Voters will see a ballot initiative appear on August’s ballot with the purpose of reinforcing one’s right to pray in public places.
Called the Missouri Public Prayer Amendment, the proposal also would require all public schools in the state to display the Bill of Rights.
Sponsored by State Rep. Mike McGhee, R-Odessa, the constitutional amendment would guarantee the freedom to express religious beliefs and for children voluntarily to be able to acknowledge God and pray at school.
Shall the Missouri Constitution be amended to ensure:
• That the right of Missouri citizens to express their religious beliefs shall not be infringed;
• That schoolchildren have the right to pray and acknowledge God voluntarily in their schools; and
• That all public schools shall display the Bill of Rights of the United States Constitution.
According to the Missouri secretary of state’s office, it is estimated that this proposal will result in little to no costs or savings for state and local governmental entities. However, it did cost the taxpayers about $250,000 to place it on the ballot.
The fair ballot language reads:
• A “yes” vote will amend the Missouri Constitution to provide that neither the state nor political subdivisions shall establish any official religion. The amendment further provides that a citizen's right to express their religious beliefs regardless of their religion shall not be infringed and that the right to worship includes prayer in private or public settings, on government premises, on public property, and in all public schools. The amendment also requires public schools to display the Bill of Rights of the United States Constitution.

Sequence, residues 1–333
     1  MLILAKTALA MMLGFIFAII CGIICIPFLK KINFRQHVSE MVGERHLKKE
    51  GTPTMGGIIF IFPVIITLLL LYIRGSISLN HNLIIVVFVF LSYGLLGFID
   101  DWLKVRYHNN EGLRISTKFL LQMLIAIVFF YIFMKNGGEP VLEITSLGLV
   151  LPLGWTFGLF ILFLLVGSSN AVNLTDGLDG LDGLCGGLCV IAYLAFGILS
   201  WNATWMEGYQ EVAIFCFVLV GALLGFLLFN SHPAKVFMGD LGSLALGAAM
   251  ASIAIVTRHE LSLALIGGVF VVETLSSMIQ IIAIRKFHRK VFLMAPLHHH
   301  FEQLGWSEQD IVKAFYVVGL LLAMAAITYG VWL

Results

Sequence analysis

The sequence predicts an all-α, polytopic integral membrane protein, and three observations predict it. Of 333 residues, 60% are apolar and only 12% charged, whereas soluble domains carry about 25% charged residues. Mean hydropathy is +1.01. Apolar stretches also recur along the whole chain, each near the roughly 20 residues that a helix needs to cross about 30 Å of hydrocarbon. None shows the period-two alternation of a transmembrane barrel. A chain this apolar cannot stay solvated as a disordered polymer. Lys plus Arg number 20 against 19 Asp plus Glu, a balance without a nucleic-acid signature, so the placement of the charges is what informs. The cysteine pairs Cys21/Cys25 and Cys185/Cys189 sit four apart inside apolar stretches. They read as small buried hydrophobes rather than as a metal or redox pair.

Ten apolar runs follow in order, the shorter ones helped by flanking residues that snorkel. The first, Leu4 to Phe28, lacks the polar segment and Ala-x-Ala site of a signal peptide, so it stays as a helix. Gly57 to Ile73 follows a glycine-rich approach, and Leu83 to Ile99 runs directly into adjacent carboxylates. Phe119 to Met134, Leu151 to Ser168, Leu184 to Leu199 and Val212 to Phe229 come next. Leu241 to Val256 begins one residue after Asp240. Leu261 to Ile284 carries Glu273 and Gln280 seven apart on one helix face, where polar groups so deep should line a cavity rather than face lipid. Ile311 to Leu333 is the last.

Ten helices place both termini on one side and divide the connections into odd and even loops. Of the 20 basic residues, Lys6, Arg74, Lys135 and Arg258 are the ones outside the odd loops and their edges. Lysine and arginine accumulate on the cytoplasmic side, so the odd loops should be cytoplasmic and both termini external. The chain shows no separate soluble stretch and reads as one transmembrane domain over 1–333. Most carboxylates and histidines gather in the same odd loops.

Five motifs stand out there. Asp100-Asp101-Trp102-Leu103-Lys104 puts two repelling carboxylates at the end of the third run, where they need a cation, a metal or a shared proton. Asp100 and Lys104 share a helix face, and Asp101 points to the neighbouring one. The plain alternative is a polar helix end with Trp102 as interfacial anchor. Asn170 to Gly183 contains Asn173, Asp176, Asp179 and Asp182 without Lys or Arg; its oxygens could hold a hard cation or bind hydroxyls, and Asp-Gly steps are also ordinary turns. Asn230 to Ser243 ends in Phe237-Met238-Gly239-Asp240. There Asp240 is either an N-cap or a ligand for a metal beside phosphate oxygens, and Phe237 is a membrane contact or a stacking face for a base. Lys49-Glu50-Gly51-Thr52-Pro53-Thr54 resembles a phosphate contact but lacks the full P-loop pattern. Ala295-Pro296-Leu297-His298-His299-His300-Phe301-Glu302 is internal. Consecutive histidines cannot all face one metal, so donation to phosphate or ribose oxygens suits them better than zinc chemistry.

• A “no” vote will not change the current constitutional provisions protecting freedom of religion.
Ron Lankford, deputy commissioner for the state Department of Elementary and Secondary Education and a former longtime Webb City Schools superintendent, said schools have the same rights now as those proposed through the Missouri Public Prayer Amendment.
“That right is already protected for students,” Lankford told the Globe.
Like Lankford and other school superintendents we contacted, we believe the right to do the things listed in the ballot initiative already exists, but it does give those voters who choose to do so an opportunity to send the message that religious freedoms, for all people, of all faiths, are important.